To some questions given, I had the following answers: - The world was created by God in six days; could not mention the work of each or any of the days.  Adam and Eve were placed in the garden of Eden, but were soon cast out for eating of the tree of knowledge of good and evil; they were tempted by the servant; did not know what, or whether any curse was pronounced on the serpent; Adam and Eve had only two children, Cain and Abel, who were both good men.  Noah made an ark before the deluge in which he was saved; did not know how many besides himself or how long the deluge lasted.  Did not know the number or names of any of the kings of Israel or Judah.  Did not know of the office of a prophet, but gave the names of the four greater ones.  Had never read anything remarkable in the history of Daniel.   Moses, who brought the children of Israel from Egypt, wrought miracles, called plagues; could not mention any of them.  Moses did not go to the land of Canaan, but saw it from Mount Sinai.  Aaron led them to the land.  There was one boy tolerably well acquainted with the history of the birth, death and resurrection of Christ; but most of them were perfect strangers to every part of it.  Did not know the number, office or names of any of the Apostles, nor by whom Christ was denied or betrayed.  Christ was crucified; did not know by whom or the meaning of it.  He was buried, but rose again in three days; did not know what became of him afterwards.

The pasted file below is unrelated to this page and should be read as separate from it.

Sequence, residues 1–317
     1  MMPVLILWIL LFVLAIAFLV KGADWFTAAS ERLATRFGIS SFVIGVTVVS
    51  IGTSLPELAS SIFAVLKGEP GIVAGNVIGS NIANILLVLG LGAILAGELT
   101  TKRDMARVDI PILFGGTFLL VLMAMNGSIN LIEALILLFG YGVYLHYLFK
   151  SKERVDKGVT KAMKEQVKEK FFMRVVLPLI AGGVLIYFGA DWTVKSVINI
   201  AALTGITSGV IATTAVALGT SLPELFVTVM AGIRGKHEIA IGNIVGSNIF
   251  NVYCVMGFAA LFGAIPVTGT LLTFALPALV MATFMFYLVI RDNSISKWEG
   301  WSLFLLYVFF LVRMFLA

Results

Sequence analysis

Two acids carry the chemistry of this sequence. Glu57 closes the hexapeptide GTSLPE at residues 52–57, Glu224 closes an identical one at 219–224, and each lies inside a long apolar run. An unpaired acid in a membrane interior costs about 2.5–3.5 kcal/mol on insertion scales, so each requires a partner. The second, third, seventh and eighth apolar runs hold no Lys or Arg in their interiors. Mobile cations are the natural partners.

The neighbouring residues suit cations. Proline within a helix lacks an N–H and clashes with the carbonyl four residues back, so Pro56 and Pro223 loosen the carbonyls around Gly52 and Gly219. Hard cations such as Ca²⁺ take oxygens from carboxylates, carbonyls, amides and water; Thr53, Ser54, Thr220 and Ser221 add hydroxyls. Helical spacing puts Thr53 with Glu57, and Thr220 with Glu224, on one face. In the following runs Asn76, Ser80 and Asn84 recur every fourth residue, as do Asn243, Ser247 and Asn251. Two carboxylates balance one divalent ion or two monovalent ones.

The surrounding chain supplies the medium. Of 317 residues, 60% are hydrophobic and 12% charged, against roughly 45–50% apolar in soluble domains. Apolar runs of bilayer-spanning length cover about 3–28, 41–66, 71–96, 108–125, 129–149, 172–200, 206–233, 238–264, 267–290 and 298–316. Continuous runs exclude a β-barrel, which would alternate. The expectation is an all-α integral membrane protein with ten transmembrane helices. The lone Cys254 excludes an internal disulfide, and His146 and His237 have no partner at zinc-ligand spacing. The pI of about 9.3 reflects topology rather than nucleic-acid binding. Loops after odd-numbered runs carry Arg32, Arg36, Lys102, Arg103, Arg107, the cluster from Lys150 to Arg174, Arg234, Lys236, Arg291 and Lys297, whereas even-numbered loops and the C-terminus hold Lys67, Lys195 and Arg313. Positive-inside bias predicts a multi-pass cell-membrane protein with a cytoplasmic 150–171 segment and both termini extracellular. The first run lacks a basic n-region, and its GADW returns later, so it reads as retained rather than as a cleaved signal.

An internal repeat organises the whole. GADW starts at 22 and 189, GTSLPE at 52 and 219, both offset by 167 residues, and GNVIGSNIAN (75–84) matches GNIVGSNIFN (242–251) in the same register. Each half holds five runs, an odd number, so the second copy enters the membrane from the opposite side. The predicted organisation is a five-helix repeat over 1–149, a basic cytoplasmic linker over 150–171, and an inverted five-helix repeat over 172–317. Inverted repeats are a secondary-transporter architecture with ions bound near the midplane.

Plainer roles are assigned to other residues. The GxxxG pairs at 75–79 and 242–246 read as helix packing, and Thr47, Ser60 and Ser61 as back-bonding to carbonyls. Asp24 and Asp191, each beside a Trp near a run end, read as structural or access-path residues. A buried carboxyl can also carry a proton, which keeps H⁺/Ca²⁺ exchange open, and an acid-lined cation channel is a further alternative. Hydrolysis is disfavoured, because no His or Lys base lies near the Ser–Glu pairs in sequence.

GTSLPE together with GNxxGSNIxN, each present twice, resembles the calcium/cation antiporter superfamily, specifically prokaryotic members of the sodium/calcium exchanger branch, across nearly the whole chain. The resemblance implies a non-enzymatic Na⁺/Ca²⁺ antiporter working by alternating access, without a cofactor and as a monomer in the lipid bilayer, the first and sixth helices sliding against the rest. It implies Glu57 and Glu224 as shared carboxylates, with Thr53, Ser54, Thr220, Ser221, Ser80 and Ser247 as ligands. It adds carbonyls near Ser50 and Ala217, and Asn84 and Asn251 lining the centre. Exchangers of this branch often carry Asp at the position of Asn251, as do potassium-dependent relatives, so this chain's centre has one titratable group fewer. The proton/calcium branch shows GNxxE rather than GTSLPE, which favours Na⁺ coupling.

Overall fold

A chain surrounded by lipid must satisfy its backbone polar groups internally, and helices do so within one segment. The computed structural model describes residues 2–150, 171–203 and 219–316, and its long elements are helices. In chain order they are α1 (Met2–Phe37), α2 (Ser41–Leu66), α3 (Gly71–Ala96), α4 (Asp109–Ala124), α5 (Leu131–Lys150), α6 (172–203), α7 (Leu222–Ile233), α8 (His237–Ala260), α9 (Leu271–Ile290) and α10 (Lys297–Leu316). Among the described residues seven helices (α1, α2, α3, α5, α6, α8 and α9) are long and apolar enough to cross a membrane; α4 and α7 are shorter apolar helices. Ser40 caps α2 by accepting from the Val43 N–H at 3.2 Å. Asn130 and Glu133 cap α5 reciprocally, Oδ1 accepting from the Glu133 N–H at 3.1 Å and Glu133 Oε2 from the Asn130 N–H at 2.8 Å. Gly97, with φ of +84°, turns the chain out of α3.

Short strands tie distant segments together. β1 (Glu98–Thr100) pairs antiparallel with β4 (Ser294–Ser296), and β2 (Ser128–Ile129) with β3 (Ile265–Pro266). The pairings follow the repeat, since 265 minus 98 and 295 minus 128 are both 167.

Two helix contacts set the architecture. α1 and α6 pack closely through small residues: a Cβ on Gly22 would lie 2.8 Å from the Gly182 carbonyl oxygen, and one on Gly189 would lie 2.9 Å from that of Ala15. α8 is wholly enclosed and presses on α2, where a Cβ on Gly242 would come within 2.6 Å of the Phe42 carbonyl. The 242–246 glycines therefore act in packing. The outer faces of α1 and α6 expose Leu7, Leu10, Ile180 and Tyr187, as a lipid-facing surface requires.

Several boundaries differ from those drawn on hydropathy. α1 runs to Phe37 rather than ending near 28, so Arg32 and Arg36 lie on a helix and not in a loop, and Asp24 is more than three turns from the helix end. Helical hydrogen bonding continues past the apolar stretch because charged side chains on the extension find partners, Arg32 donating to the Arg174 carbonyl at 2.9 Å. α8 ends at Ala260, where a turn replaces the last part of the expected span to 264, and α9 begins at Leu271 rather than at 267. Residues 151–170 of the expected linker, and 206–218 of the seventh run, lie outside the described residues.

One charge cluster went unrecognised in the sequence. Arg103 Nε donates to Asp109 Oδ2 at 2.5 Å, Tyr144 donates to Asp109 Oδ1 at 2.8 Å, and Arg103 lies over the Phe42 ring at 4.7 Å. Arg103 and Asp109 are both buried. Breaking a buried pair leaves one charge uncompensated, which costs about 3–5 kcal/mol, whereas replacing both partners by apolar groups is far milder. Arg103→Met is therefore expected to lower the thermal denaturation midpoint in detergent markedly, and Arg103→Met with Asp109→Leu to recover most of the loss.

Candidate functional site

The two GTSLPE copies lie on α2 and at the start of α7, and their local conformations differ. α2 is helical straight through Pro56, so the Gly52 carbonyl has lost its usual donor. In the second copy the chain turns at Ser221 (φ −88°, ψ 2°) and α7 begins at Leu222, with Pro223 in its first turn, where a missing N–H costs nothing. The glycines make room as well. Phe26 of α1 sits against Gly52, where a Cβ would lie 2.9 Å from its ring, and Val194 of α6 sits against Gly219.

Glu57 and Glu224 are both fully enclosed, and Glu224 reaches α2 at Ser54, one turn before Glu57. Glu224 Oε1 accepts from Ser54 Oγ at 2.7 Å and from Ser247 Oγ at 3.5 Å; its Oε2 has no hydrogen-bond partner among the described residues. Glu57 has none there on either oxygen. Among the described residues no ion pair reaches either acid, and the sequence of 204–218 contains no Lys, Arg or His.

A queen reigns over this country; did not know her name, or who reigned before her.  She lives in London; did not know where London was.   Ireland and France are towns.  4x5=20.  4x7=28.  8x9=45.  6x8=46.  7x8=56.  8x9=74.  9x9=81.  5x15=75.   51x9=90.  7x19=118.  10x15=150.  10x19=190.  91x 4=122.  24d.=2s.  30d. = 2s 6d.  50d.=4s.  70d.=5s. 10d.  96d. = 7s. 6d.  Six days in the week.  Sun turns round the earth.  Two of the boys could repeat some portions of the Church Catechism, which appeared to have been got up entirely by rote, for they could not answer any question whatever upon it.

(Signed)      D. B. PRICE, Assistant.

Aberayron, British Day School - I inspected this school on December 2nd [1846].  It is held in a very low dark, damp room. It is, as Mr. Penry observes British only in principle, and is conducted without any system, most of the children being ranged on benches struggling by themselves with the adversities of the English spelling-book, or hammering at the Bible.  Of the proficiencies in English of the first class, the following meanings given to words in the Bible will give a very fair notion: - Of beauty, and water, and glory, one only knew the meanings; and of ascend and testimony none.  Of Scripture they had but a very scanty knowledge. Their proficiency in spelling was very great; and several boys have a fair acquaintance with the common rules of arithmetic.  The writing was tolerably good.  In other branches of knowledge they were very deficient.

At a table in one corner were several young seamen studying navigation whom I examined in simple problems of geometry, and found them tolerably proficient, and possessed of much mathematical capacity.  In showing them the demonstration of the 15th proposition of the first book of Euclid, though it was new to them, they readily comprehended the proof.  One or two of the boys were able to do sums in the compound rules of arithmetic.  The school is exclusively supported by Dissenters. The master, though very insufficiently trained, evinced much capacity.

 J. C. S.   [Jelingar C Symons, the chief commissioner in Cardiganshire]